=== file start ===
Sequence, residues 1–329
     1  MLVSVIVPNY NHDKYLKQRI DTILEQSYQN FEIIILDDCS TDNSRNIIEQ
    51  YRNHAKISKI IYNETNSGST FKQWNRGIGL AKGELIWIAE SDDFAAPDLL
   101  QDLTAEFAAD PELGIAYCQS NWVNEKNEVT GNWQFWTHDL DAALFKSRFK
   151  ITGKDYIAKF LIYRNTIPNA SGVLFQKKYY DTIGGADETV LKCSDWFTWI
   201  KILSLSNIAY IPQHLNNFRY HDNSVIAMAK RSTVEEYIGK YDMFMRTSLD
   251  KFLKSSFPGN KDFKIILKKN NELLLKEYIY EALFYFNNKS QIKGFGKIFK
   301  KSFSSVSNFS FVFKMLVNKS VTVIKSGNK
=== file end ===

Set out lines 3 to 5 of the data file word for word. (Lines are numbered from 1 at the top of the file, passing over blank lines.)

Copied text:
    51  YRNHAKISKI IYNETNSGST FKQWNRGIGL AKGELIWIAE SDDFAAPDLL
   101  QDLTAEFAAD PELGIAYCQS NWVNEKNEVT GNWQFWTHDL DAALFKSRFK
   151  ITGKDYIAKF LIYRNTIPNA SGVLFQKKYY DTIGGADETV LKCSDWFTWI